Thursday, April 30, 2015

Global Summer School at IaaC

The Institute for Advanced Architecture is proud to announce the 2015 edition of the Global Summer School- Urban Protocols
This year, one outstanding participant will be awarded a full scholarship to the Masters of Advanced Architecture at the Institute for Advanced Architecture of Catalonia.

The Global Summer School (GSS) is a platform defined by ambitious, multiscalar investigation into the implications of emergent techniques on our planned environments.  Each year, international teams located in key cities around the globe explore a common agenda with projects that are deeply embedded in diverse local conditions.  Because of this, participants have an international laboratory to test their design hypothesis, understanding how design conclusions derived locally can be tested and evolved globally in different cities where other teams reside.  This intensive two-week course connects each participant to ongoing research agendas in robotics, simulation, physical computing, parametric design, digital fabrication, and other relevant emerging design methodologies.  Specific emphasis is placed on understanding the multiscalar implications of design conclusions, thus creating critical research advanced on the application of new technologies in design.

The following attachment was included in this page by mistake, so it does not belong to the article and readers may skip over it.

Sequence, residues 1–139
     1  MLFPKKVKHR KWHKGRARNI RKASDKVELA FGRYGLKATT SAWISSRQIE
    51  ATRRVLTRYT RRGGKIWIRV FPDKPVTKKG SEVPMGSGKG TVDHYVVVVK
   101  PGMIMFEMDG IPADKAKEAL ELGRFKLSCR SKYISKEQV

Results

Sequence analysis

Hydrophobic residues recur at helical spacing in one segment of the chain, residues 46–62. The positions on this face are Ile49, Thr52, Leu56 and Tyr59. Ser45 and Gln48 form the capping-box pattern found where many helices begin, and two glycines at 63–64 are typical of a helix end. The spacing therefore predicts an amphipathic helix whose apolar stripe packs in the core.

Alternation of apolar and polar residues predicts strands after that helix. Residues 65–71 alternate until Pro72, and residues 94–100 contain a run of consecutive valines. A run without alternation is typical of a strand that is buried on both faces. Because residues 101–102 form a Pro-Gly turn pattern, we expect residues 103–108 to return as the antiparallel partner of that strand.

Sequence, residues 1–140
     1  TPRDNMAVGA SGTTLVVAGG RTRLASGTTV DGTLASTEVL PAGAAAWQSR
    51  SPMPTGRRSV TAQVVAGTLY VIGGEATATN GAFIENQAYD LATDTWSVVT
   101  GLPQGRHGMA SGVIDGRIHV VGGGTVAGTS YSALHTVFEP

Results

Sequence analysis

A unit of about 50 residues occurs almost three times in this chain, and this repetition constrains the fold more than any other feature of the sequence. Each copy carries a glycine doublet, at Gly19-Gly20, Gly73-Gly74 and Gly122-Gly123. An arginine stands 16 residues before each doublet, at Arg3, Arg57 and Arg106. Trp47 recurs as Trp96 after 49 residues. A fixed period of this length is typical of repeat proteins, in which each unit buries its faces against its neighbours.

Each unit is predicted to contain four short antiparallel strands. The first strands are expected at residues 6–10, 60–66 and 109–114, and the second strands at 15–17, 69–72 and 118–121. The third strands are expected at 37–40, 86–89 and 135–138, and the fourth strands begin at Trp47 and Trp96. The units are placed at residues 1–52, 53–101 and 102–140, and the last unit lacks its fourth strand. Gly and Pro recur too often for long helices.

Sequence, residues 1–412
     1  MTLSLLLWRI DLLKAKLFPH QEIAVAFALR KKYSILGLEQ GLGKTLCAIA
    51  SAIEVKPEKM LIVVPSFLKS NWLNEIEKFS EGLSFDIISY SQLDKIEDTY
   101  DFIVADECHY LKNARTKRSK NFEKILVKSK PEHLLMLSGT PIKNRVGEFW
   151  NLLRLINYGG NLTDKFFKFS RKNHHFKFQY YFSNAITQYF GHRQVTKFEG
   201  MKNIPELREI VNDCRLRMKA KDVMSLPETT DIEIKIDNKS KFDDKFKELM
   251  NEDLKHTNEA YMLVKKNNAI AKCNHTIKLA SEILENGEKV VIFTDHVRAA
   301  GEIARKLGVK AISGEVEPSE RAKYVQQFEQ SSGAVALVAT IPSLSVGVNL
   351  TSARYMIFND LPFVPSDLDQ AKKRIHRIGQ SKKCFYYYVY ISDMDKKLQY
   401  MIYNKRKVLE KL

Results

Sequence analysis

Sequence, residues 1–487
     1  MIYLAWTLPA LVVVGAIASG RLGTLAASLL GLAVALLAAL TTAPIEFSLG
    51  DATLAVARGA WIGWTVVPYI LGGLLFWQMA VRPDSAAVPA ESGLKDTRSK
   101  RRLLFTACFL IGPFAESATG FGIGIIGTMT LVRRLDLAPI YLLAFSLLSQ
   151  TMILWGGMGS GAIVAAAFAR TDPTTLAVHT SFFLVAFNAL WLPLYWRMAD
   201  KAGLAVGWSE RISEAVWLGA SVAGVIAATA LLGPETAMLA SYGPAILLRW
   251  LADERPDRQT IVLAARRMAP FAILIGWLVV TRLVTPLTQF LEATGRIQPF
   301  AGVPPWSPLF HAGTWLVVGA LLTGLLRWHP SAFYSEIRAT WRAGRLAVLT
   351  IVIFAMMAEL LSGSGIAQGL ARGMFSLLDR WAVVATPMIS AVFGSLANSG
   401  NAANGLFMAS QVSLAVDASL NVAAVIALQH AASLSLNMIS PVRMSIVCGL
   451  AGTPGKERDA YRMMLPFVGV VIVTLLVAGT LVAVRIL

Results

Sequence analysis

The 2015 ‘Urban Protocols’ global agenda seeks specific strategies for constructing our future cities.  The agenda questions the urban planning methodologies of the 20th century and proposes a series of new priorities to consider when growing the next phase of our urban and suburban territories.  How can we consider the recolonization of urban spaces which are now the result of antiquated priorities and at the same time negotiate the current forces driving the growth or decay of cities?  This question will be asked in a variety of urban case studies with the desire to generate a series of proposals which are contextually, temporally, economically, and culturally relevant.  From another scale, we have to recognize the urgent necessity to radically rethink the manner in which we fabricate our habitat at an architectural level.  Spatially we have to reconsider materiality, tectonic logics, and temporality if we are to change the relationship between environmental decay and architecture.
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